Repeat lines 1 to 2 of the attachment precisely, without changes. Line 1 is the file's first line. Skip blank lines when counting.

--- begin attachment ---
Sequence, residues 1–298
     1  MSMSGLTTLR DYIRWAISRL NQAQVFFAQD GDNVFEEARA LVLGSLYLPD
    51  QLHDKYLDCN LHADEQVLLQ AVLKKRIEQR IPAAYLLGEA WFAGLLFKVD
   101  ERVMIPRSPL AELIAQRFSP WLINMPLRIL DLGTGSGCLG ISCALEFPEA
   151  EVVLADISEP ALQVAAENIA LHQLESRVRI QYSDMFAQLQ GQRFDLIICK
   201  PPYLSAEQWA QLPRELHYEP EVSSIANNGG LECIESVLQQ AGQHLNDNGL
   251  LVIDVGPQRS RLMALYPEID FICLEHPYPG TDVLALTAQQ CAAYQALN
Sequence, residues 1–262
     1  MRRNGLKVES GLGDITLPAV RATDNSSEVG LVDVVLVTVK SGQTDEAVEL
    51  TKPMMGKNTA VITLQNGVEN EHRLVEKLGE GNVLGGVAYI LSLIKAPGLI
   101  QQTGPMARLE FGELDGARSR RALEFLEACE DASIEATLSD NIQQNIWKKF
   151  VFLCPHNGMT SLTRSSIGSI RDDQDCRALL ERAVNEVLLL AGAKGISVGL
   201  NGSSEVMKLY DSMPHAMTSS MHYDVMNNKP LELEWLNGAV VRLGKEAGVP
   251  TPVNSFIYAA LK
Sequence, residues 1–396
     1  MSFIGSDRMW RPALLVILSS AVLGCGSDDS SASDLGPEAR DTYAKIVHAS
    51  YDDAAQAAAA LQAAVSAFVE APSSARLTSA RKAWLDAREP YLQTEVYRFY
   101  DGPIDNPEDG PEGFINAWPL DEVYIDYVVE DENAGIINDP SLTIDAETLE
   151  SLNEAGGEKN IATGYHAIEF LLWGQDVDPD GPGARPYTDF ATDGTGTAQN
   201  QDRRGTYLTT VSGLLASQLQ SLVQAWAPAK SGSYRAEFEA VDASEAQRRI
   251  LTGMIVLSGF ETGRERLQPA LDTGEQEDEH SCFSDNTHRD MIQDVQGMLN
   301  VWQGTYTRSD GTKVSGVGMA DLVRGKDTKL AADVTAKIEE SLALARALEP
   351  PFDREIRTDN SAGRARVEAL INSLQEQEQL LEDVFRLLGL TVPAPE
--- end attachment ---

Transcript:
Sequence, residues 1–298
     1  MSMSGLTTLR DYIRWAISRL NQAQVFFAQD GDNVFEEARA LVLGSLYLPD